There will be blood if this film does not win Best Picture, Best Actor, Best Director, Best Editing and Best Original Music Score. Directed by the now grown-up wunderkind P.T. Anderson and starring the weatherworn Irish actor Daniel Day-Lewis, There Will Be Blood is hypnotic, riveting, violent, fascinating and at times painful to watch. It is boldly, unapologetically and immediately an American masterpiece in the company of Citizen Kane, Giant and Raging Bull. I can safely say that because there is little wiggle room here not to say it.
The cinematography is breathtaking. Shot on location in Marfa, Texas and central California by Robert Elswit, we can feel the scope and the grandeur of the wide-open spaces that the West was and in many cases still is. Editing by Dylan Tichenor is tight, slight and seamlessly out of sight.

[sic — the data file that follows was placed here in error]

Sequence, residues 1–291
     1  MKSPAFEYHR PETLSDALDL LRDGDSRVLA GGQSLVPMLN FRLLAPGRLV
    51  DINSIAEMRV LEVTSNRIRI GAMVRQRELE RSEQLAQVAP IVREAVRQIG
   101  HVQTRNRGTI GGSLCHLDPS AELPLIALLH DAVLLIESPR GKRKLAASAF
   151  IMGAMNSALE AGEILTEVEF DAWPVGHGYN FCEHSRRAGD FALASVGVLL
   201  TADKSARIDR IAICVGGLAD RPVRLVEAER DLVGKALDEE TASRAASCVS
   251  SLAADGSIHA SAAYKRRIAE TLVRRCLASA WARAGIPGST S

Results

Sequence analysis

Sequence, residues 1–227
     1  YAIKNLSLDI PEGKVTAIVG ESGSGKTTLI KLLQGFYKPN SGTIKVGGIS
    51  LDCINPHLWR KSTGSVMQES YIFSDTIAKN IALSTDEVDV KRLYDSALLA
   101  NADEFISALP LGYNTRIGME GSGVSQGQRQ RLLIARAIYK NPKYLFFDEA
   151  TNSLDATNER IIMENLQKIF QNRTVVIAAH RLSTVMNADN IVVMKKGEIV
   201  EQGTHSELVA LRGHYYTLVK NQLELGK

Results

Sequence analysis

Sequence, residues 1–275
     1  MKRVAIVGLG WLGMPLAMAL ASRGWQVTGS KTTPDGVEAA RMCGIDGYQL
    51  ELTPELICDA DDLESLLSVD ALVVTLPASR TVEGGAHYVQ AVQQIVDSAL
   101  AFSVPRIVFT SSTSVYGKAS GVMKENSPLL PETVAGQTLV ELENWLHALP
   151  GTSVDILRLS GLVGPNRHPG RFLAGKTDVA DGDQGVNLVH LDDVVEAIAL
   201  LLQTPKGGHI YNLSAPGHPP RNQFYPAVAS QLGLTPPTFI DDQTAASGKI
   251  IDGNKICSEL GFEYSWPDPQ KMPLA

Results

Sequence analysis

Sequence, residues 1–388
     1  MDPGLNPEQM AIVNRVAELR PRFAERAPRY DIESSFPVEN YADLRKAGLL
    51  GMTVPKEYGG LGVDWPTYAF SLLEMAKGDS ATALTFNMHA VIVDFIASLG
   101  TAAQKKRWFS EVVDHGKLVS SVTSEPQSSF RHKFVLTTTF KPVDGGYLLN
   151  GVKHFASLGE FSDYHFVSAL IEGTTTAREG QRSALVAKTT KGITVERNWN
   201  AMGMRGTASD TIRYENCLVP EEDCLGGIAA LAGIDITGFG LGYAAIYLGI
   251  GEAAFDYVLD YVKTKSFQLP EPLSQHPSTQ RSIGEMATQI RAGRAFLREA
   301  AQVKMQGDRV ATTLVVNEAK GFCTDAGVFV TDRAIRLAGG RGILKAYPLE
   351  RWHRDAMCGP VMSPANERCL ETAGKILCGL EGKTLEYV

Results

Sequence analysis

Jonny Greenwood’s (Radiohead) score is haunting, scary and yes, at times annoying. It surrounds you with electronica and when necessary chokes you with anxiety until you can’t breathe. I mean that in a good way, of course.
While I have respected him as a filmmaker, I have never been a big fan of Paul Thomas Anderson. His films, although heralded as pop culture triumphs, have always left me feeling like he was usurping the styles of greater directors. Boogie Nights, the film that put him on the map in 1997, while entertaining, felt snobbish and filled with intentionally dumbed down characters. You got the sense that he was mimicking Scorsese while ridiculing these Goodfellas of the porno world. Magnolia seemed Robert Altman-lite. Punch-Drunk Love, well that starred Adam Sandler. No reason to pile on.
You could tell from all three of these films (four if you count Hard Eight) that Anderson knew what he was doing. He just seemed to lack the guts to do it.
That is until now.